The mysterious case of the disappearing pencil cedar
Is it too early to talk about Christmas? Some might consider midway through May to be slightly premature, to put it mildly. But when it comes to saving critically endangered trees, there's no time like the present. Having said that, we first need to delve briefly into the past in order to provide some context.
Once upon a time, the West Indies had its very own species of juniper tree. Known colloquially as the pencil cedar, this conifer of the Caribbean was relatively common on the islands of Saint Lucia and Barbados.
Regrettably, the tree was completely erased from Barbados, along with numerous other native plants and animals that have disappeared from that particular island as a result of widespread habitat destruction and the introduction of alien species. And as time went by, it also started to slip away imperceptibly on Saint Lucia—its final refuge.
Today, the pencil cedar is teetering on the very brink of extinction—almost literally in this case. By the time botanists became aware of the perilous position of the species, the entire global population was confined to a few mature specimens clinging to the picturesque peak of Petit Piton in south-west Saint Lucia.
It seemed as though the writing was on the wall for the pencil cedar. But Fauna & Flora International (FFI) hadn't read the script. Help was on hand for this juniper in jeopardy in the shape of an ingenious rescue plan sketched out in collaboration with the Global Trees Campaign.
FFI is working with the Saint Lucia Forestry Department to propagate pencil cedars in its tree nurseries, with a view to replanting them in the lowland forests where they once thrived. A central plank of the strategy is to halt the proliferation of non-native trees that Saint Lucians have tended to favour at Christmas—particularly alien acacias and introduced varieties of cyprus tree, many of which are substandard and susceptible to disease.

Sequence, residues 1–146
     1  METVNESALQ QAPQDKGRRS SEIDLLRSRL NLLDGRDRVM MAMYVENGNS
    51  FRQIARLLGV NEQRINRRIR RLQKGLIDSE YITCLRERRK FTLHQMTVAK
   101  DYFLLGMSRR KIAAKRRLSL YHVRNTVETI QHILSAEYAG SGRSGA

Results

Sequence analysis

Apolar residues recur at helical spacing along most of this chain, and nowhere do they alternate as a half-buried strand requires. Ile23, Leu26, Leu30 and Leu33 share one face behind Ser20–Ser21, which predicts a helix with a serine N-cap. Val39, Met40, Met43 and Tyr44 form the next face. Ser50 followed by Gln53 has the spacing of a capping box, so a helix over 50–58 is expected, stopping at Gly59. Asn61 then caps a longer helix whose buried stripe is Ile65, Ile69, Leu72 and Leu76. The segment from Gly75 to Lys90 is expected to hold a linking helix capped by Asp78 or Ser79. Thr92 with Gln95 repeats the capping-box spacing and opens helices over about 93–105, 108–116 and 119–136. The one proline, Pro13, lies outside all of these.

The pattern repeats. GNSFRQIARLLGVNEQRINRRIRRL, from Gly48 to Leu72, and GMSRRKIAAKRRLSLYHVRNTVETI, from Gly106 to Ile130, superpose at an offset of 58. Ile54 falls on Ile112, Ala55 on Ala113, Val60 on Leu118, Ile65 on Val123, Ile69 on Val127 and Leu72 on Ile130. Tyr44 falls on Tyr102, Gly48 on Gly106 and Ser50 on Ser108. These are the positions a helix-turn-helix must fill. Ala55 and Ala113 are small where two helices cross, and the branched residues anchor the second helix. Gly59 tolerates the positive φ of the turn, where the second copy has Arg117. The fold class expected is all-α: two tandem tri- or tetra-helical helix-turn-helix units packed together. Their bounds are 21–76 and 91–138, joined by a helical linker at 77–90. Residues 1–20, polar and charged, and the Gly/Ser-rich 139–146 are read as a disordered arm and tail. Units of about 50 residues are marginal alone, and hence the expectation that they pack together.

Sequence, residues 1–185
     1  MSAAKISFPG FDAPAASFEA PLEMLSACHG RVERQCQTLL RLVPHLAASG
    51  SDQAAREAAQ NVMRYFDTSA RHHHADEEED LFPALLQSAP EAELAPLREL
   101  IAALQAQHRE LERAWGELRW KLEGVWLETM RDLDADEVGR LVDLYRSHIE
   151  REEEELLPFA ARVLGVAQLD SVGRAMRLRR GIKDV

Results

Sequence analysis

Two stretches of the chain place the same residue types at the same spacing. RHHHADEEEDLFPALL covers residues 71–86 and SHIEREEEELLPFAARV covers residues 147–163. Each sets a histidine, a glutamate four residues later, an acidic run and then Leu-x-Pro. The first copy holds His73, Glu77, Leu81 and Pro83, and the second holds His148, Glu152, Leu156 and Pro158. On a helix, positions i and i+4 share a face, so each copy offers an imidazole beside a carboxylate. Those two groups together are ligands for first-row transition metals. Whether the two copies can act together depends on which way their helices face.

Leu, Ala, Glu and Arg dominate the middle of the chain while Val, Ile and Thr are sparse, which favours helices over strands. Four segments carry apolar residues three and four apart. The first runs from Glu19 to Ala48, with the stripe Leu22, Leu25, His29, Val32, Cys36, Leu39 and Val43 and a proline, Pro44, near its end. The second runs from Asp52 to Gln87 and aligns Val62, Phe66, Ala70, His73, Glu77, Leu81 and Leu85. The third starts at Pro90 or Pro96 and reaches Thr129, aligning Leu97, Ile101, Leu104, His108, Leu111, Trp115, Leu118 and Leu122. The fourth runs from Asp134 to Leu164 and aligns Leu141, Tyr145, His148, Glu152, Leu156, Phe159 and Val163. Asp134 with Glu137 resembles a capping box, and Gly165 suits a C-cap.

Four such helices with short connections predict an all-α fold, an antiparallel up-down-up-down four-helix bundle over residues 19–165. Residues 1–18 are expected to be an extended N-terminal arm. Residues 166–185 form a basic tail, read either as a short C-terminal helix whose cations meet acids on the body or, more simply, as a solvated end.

By encouraging the public to buy nursery-grown potted junipers instead—and to plant out this superior substitute in their own gardens and farms once the festive season is over—the project aims to create a new Christmas tradition that will secure the future of Saint Lucia's native tree by transforming it into an island icon.
What's the point of telling this story in mid-May? To put it bluntly, we need money. Due to funding constraints, the project team has had to put on hold its plans to start planting out juniper saplings in the wild in 2019.
Adams Toussaint, formerly chief forestry officer and now FFI's country manager and forest management adviser in Saint Lucia, is in no doubt about the importance of this conservation work: "It's a matter of national pride. Conservation awareness is on the increase here in Saint Lucia, and the people are desperate to save this unique species that is closely associated with the iconic landmark of Petit Piton."
There is no time to lose. Unless we look sharp, the pencil cedar is in danger of ending its days as a case study about missed opportunities and avoidable extinctions. Should we simply sit back and bide our time until the donations flow in from a more seasonally appropriate Christmas appeal? You can draw your own conclusions.